Australian writer Yasmin Abdel-Bagied has described what prompted her to make her obviously political exit from a speech given by US author Lionel Shriver.
The Brisbane Writers Festival opened on a controversial note last Thursday, after members of the audience walked out of the opening address given by the author of the best-selling We Need to Talk about Kevin.
“As I stood up, my heart began to race,” writes Abdel-Bagied. “I could feel the eyes of the hundreds of audience members on my back: questioning, querying, judging.”
Shriver’s opening address began with a story about a group of American college students who were criticised for wearing sombreros to a Mexican-themed party.
“‘Can you believe,’ Shriver asked at the beginning of her speech, ‘that these students were so sensitive about the wearing of sombreros?’”
According to Abdel-Bagied, Shriver’s speech, about political correctness and cultural appropriation, ended up as “a monologue about the right to exploit the stories of ‘others, simply because it is useful for one’s story’.”
Abdel-Bagied argues that by making light of the need to hold onto any vestige of identity, Shriver disregards history and current reality.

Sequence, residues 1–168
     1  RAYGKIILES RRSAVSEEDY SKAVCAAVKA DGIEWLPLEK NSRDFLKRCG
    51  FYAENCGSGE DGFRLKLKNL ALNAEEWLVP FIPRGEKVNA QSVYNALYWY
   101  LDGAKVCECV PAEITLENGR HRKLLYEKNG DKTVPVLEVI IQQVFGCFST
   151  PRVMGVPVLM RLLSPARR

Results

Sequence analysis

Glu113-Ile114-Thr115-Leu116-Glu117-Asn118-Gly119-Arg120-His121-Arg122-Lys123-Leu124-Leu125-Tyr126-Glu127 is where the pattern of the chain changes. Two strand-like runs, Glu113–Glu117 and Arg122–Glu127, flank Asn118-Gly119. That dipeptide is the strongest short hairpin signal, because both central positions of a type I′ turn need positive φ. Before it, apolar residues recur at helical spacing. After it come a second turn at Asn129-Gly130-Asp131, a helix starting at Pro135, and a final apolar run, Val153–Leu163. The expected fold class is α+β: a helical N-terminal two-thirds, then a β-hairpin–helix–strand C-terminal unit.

“It’s not always okay if a white guy writes the story of a Nigerian woman because the actual Nigerian women can’t get published or reviewed to begin with,” she writes.
Lionel Shriver had written seven novels before finding international success with We Need to Talk about Kevin.
In Her latest novel, The Mandibles, explores the aftershocks of a US sovereign debt default on four generations of a once-prosperous American family.
According to a New York Times Book Review, “Shriver has always seemed to be at least a few steps ahead of the rest of us, but her new novel establishes her firmly as the Cassandra of American letters … I don’t remember the last time a novel held me so enduringly in its grip.”
Shriver is also an outspoken and sometimes controversial commentator, and a self-described rule-breaker.
“I do not obey rules because are rules, but because they make sense,” she said in a recent interview for the Sydney Morning Herald. “When they don’t, I feel free to ignore them – although I am as prey as anyone to shit-eating terror, and if the consequences of being a scofflaw are too dire I’ll toady along with the best of them.”
In a blog post on the Brisbane Writers Festival director, Julie Beveridge, said that the opening address was expected to set the tone for the Festival, and Shriver had moved away from the brief. “The views expressed during her address were hers alone.”
However, she also said that the festival was a forum for opinions and challenging conversation, and Shriver is renowned for provocative views and for challenging perceptions about the role of writers.
To continue the conversation sparked by Shriver, a Right of Reply event was organised, led by Abdel-Magied and writers Rajith Savanadasa and Suki Kim.